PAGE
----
Finance Minister Mathias Cormann has moved to reset the budget debate, calling for a fiscal "reality check" about the state of the nation's economy and warning of a serious corrective action in future to protect Australians' living standards.
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Hockey says poor gaffe was misreported
Were the Treasurer's comments about poor drivers misreported? You be the judge.
In an address to the Sydney Institute that builds on Treasurer Joe Hockey's warning of "emergency" action and a Queensland-style austerity budget if structural reforms such as the $7 GP fee, higher education and welfare changes are not passed, Senator Cormann said the budget debate should not be a "spectator sport" and that "this is no game".
The Finance Minister pushed back against media "noise" about the budget timetable, pointing out that crucial appropriation bills had passed, as had a $7.6 billion, four-year cut to foreign aid and the tax levy on high-income earners.
He said suggestions the budget was unfair were "nonsense" – despite Treasury numbers released to Fairfax Media showing the budget cuts were inequitable – declaring "what is unfair is to promise what you cannot deliver".
The tough talk comes before Parliament resumes next week and after Mr Hockey, his staff and Treasury officials have criss-crossed the country for a series of budget-related meetings with the Senate crossbench.
"A number of the measures that are the subject of the most intensive post-budget debate are not due to take effect for some time," Senator Cormann said. "So there is still ample time to keep engaging with the Senate crossbenchers.
"No government in recent political history had passed all of its budget measures through both houses of Parliament by the end of August."
The federal government has so far failed to secure support for a number of budget measures that will cut spending and raise revenue and the Palmer United Party has, so far, signalled its unwillingness to compromise on many of those measures.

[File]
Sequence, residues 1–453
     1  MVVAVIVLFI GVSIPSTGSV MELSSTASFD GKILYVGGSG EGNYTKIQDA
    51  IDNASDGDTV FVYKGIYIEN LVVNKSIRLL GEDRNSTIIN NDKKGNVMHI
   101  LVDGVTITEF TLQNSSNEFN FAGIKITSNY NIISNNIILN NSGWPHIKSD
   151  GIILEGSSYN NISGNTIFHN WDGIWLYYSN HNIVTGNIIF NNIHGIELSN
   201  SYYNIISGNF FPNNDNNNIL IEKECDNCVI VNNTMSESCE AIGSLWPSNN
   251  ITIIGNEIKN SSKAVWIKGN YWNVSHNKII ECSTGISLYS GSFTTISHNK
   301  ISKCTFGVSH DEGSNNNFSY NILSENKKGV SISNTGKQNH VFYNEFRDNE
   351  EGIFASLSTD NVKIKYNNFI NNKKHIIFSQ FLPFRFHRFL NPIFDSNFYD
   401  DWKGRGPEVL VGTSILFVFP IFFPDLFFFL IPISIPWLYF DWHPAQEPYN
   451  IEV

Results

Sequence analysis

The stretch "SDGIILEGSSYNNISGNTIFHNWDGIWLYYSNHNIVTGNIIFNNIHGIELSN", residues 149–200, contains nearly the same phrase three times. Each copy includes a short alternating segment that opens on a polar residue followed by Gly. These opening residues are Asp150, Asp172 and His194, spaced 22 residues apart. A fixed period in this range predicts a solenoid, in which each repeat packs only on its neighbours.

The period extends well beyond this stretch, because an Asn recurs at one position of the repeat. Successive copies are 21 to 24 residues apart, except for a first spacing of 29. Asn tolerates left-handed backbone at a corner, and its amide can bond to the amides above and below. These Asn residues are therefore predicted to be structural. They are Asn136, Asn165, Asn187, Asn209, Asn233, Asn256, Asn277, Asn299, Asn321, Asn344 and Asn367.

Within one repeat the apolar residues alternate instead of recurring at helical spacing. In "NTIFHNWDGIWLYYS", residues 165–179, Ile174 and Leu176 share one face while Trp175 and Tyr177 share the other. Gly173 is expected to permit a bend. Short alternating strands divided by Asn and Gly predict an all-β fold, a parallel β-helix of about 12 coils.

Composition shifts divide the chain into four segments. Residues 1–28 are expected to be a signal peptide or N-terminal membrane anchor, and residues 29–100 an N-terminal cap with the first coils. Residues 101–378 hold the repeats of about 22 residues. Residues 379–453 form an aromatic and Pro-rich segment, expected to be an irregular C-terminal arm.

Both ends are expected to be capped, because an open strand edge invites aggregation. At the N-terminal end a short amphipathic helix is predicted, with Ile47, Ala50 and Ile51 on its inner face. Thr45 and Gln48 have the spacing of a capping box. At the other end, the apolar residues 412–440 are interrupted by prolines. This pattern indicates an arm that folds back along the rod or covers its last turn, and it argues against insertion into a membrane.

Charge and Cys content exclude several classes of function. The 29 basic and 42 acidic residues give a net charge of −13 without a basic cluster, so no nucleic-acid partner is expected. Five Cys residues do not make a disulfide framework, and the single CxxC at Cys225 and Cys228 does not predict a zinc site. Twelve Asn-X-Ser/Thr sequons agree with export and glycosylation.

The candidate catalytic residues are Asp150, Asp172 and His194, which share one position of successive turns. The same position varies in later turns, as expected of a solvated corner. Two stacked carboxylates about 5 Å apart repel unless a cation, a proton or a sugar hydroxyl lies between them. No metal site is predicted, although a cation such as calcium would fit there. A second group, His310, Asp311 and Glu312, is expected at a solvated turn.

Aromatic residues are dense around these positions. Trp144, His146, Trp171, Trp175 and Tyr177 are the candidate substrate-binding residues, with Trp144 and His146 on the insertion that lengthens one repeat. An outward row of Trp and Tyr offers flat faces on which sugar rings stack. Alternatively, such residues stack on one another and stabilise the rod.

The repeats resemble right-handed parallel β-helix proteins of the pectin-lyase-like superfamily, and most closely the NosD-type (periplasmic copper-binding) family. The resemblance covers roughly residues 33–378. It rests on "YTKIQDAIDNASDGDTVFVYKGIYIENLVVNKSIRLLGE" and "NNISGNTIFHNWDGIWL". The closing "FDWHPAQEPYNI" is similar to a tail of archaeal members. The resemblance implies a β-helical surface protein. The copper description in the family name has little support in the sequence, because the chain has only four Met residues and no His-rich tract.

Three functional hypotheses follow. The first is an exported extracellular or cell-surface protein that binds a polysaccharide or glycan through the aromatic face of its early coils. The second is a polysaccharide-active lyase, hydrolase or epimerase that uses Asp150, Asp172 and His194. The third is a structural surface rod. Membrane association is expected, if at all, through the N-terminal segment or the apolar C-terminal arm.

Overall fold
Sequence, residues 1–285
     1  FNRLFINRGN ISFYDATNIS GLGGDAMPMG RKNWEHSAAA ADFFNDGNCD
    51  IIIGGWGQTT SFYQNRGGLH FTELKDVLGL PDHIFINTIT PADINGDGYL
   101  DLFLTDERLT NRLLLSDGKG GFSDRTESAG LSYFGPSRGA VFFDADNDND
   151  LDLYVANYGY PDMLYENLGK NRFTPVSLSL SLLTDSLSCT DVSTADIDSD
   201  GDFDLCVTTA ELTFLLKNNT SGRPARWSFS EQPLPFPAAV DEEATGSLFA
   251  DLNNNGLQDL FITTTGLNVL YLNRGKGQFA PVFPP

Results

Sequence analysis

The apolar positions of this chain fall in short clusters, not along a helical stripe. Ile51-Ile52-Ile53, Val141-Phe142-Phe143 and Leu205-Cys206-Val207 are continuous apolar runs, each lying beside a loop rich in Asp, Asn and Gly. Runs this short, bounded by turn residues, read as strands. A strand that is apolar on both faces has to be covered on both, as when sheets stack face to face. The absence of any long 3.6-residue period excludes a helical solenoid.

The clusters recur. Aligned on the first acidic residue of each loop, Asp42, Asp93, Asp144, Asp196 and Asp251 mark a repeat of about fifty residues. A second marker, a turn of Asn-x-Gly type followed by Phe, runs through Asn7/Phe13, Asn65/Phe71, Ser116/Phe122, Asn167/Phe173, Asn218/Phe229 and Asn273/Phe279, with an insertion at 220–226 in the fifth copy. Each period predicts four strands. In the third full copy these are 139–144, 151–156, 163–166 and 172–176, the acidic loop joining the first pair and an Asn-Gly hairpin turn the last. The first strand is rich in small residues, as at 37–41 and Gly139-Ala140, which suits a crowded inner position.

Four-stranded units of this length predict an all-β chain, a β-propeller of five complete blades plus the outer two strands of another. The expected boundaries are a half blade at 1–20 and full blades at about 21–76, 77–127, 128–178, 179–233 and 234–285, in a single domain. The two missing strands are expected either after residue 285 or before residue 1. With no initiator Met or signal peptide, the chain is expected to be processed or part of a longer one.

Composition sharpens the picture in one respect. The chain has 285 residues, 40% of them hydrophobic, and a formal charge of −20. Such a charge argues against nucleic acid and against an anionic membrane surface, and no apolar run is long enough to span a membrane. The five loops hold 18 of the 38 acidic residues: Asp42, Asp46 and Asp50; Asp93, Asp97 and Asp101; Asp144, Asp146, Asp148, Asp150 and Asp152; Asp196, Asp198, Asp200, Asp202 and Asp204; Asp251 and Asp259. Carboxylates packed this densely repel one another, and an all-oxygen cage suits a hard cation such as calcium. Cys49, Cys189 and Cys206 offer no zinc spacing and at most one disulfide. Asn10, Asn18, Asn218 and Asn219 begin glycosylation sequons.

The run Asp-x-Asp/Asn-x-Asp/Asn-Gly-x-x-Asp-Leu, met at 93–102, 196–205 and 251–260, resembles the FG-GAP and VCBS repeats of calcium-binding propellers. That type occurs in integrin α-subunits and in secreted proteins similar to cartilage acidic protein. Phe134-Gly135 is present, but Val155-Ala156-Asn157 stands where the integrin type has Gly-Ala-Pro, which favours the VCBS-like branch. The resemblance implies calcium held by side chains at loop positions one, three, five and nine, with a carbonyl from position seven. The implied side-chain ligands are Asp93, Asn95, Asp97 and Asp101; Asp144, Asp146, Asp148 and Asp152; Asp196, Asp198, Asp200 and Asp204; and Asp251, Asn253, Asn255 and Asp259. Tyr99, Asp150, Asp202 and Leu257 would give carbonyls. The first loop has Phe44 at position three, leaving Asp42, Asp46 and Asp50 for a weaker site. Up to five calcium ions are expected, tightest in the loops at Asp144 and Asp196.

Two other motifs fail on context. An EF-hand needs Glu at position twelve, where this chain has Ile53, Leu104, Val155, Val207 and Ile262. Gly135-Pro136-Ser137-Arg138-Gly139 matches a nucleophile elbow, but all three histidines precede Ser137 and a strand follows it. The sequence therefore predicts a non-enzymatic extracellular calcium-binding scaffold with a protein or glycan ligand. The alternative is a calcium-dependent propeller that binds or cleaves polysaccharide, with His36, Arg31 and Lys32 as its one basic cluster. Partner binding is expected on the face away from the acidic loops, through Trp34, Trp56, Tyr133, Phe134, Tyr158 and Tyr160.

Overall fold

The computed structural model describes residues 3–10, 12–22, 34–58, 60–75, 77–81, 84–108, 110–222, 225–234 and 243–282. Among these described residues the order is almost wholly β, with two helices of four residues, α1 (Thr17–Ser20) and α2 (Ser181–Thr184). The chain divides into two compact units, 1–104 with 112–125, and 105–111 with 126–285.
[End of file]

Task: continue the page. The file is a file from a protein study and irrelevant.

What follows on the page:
But Senator Cormann pointed out the GP fee was not due to start until July 1, 2015 and higher education deregulation until 2016.
He vowed the Abbott government was "committed to the marathon" that was passing the budget.
Treasurer Joe Hockey, who has kept a low profile since apologising for an embarrassing gaffe that "the poorest people either don't have cars or actually don't drive very far in many cases" while arguing the $2.2 billion fuel excise measure was progressive, re-emerged on Tuesday to argue his comments had been misinterpreted and to press the case for his budget.
"Australia cannot continue to borrow $1 billion a month – 70 per cent of it heading overseas as repayment of the interest," he said. "We have always said that we've prepared to negotiate with sensible people ... these reforms that still need to be delivered as part of the budget are the ones that are going to set us up for the future."
Against a backdrop of below-trend economic growth, rising unemployment, low consumer confidence and plateauing business investment, Senator Cormann warned that Australia was in a much weaker fiscal position than in 2007.
"We are more exposed and less resilient as a nation today than we could be, should be and can be again to deal with any global economic challenges which may come our way in the years ahead," he said.
Labor was in "complete denial" about the state of the nation's finances, Senator Cormann said, but when the Coalition returned to power federal spending as a proportion of gross domestic product had risen from 23.1 per cent to 25.9 per cent and would hit 26.5 per cent in a decade.
That trajectory, combined with falling tax revenues, translated into a growing fiscal gap and mounting public debt.
The challenge for Labor was to explain if they were still committed to a budget surplus and, if so, how they would achieve it.
To date, the Palmer United Party has indicated it will oppose the GP co-payment, rise in fuel excise, education reforms and increase to the Pharmaceutical Benefits Scheme co-payment.
Labor was scathing of the government’s shift in rhetoric on Wednesday, describing it as “incoherent, illogical and inconsistent”.
Shadow treasurer Chris Bowen said Mr Hockey’s language about a budget emergency was now no longer even in sync with the case being put by his Finance Minister.
“The government can’t even get simple messages straight,” Mr Bowen said.
Mr Bowen added that while senior ministers Julie Bishop, Peter Dutton and Christopher Pyne had suggested the need for compromise in their portfolios, Mr Hockey had failed to produce a “coherent” strategy of his own.
“He’s been in hiding for much of the week, he came out of hiding yesterday to put his foot in his mouth again by claiming his words were twisted on the matter of the impact of petrol tax on low income people,” Mr Bowen said.
“The Treasurer just can’t get a straight story.
“He can’t get a straight story for the Parliament or for the people.
“No wonder people have lost confidence in this Treasurer, including his own backbench, in this Treasurer’s ability to prosecute a fiscal strategy.”
With Lisa Cox, Fergus Hunter